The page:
Thirdly, the overall infrastructure of the finance industry of course also incorporates technical infrastructure. Don’t underestimate how reliant modern day business is on multitudes of hardware and software applications! There are in-house roles for companies that focus purely on taking care of these systems; whether it’s data management and client management systems; accounting systems or other financial management information systems, or other technical equipment the offices use on a daily basis (e.g. phones, iPads and desktops). You could work as a technical infrastructure expert here, assessing and integrating these complex systems. Medium sized and large companies will always have a demand for professionals in this field.
Infrastructure roles as mostly available from graduate level, and the salaries can be pretty high. There may not necessarily be as much of the intense pressure and long working hours of the front office in an infrastructure career, but this doesn’t mean to say it isn’t demanding! Whether it’s technical knowledge or the ability to be highly organised and a top communicator to make sure things get done on time, there will always be high demands and deadlines to be met.
Why is infrastructure important?
There are literally trillions of trades made each day, and infrastructure holds it all together and keeps everything moving. What’s more, transparency wherever possible is paramount in today’s finance world, with seismic changes in regulation and risk management. This means that post-trade services are essential!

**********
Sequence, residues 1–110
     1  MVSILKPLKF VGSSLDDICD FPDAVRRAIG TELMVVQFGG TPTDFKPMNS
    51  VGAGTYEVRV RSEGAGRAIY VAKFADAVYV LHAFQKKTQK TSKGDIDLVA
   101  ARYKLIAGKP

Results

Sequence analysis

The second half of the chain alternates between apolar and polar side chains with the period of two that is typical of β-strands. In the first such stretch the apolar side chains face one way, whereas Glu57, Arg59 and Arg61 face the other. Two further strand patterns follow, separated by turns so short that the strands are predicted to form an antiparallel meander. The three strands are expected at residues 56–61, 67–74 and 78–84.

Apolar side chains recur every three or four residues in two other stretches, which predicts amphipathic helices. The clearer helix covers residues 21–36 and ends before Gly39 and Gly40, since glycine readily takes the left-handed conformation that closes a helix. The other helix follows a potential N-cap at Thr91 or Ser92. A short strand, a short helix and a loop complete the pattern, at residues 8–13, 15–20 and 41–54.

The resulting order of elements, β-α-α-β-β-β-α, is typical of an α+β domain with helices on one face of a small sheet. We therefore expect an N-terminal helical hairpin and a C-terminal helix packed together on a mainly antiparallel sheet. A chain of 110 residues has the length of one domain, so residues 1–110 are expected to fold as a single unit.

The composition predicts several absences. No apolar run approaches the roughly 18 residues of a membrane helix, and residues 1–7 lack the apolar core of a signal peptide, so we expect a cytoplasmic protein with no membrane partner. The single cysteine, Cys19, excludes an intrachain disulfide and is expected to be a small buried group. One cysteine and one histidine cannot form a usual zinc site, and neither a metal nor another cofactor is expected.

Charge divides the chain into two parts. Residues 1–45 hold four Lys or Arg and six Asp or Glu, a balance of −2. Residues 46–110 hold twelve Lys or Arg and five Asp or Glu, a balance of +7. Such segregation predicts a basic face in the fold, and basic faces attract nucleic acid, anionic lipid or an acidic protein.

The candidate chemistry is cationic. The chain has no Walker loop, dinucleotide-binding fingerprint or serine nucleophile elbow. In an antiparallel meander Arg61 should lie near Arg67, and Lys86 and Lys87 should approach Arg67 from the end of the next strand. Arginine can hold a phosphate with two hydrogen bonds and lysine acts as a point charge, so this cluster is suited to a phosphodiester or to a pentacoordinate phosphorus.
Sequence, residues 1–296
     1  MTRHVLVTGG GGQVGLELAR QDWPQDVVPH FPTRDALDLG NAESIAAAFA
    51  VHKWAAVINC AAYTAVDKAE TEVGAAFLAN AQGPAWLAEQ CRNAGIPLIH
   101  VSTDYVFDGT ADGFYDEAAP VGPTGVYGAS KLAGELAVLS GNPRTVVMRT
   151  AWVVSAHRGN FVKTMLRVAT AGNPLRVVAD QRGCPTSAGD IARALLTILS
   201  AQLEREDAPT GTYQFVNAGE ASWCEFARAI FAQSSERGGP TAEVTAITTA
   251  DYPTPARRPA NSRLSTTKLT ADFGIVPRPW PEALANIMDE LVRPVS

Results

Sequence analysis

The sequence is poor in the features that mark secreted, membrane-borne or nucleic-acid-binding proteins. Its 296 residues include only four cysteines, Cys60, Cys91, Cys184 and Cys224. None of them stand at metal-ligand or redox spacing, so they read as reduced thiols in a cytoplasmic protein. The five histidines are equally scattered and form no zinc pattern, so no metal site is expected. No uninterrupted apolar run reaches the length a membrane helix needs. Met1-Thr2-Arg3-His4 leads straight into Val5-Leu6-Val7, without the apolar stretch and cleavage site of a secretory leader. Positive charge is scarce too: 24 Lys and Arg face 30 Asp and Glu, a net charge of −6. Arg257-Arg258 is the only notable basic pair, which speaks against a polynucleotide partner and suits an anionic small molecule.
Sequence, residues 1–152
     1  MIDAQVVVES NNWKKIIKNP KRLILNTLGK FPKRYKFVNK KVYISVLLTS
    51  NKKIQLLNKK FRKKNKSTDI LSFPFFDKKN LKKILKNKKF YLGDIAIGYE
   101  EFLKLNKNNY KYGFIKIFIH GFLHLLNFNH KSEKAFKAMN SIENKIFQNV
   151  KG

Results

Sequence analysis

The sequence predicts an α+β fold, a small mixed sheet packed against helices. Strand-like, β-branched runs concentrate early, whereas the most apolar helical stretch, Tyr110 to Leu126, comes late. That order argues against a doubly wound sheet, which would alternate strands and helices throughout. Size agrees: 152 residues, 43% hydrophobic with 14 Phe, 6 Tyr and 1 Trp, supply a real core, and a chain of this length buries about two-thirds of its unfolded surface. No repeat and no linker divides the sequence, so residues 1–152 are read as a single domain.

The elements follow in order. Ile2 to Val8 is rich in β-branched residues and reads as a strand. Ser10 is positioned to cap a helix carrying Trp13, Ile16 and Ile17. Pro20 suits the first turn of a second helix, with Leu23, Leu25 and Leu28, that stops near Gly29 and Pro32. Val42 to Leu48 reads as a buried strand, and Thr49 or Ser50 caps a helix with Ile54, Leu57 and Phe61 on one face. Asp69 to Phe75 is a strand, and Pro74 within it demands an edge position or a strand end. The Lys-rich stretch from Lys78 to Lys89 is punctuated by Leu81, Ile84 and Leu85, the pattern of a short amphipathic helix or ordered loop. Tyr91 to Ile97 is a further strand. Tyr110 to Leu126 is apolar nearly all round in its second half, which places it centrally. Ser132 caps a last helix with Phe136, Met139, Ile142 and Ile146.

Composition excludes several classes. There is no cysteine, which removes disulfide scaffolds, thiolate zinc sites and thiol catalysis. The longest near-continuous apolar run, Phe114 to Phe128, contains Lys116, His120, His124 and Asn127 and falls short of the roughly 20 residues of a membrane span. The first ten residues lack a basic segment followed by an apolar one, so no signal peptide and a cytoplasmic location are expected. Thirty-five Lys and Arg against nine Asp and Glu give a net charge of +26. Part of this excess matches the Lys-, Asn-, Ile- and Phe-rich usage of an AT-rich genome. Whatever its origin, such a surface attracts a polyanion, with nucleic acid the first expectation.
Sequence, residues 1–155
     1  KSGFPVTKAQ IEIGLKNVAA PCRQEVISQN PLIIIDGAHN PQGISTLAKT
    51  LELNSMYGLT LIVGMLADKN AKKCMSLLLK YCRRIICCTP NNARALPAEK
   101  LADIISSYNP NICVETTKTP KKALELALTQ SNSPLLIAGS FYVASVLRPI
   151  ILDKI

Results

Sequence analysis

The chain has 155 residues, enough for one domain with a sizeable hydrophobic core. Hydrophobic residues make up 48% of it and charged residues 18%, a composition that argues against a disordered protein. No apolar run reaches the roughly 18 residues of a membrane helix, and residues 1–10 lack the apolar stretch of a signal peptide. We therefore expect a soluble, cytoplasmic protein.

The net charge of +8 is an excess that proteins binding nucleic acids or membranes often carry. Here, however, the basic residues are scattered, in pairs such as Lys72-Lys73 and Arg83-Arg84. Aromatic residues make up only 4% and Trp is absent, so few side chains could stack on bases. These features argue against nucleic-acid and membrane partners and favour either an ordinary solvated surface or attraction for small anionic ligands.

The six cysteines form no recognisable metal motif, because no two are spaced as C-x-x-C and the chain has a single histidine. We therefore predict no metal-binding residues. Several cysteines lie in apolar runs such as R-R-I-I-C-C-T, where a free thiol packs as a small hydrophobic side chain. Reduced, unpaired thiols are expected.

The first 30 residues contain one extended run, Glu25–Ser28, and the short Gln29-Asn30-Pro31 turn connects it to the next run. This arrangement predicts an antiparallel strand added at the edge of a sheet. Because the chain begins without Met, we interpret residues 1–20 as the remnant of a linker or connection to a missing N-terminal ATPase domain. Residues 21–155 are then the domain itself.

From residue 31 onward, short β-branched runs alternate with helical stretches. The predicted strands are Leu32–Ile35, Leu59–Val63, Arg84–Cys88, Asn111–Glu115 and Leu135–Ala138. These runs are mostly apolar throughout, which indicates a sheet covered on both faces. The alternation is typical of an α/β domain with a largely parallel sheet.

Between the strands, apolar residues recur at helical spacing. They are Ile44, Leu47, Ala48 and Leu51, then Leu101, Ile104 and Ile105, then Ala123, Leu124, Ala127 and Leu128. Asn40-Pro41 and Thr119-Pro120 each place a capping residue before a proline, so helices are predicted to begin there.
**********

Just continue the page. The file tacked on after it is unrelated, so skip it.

Areas of infrastructure
Market information – Firms utilise a number of packages to help them analyse the markets they are involved with as quickly as they can and spot potential trends and apply their findings to their strategy development.
Information Systems – Professionals in this field develop, maintain and manage the complex data management systems, hardware and software at the heart of a company.
Post-Trade Services – There are now numerous software packages that support the various stages of ‘post-trade processing’ – the checks that must be carried out after a trade is complete. Infrastructure roles in this area aim to improve operational risk controls and the efficiency of this process. Under this remit there are plenty of back office roles that keep transactions and deals ticking over smoothly.
Investment Banking – It’s all very well shaping and making trades and transactions, but something needs to be in place to make sure all elements of a contract are met crucial that infrastructure is kept running smoothly in the fast-paced world of investment banking. These professionals support the bankers in their goal to make the most lucrative trades possible.
Developing and maintaining a finance firm's technology.
The whirring cogs powering an investment bank.
Helping finance professionals keep on top of market developments, so they can react quickly.
All of the middle office and back office action that happens after a trade has been made.
Regulation and Compliance
Work as an industry watchdog
What Does the FCA Do?
The FCA stands for the Financial Conduct Authority, and they are the UK’s foremost financial regulatory body, operating independently of the Government.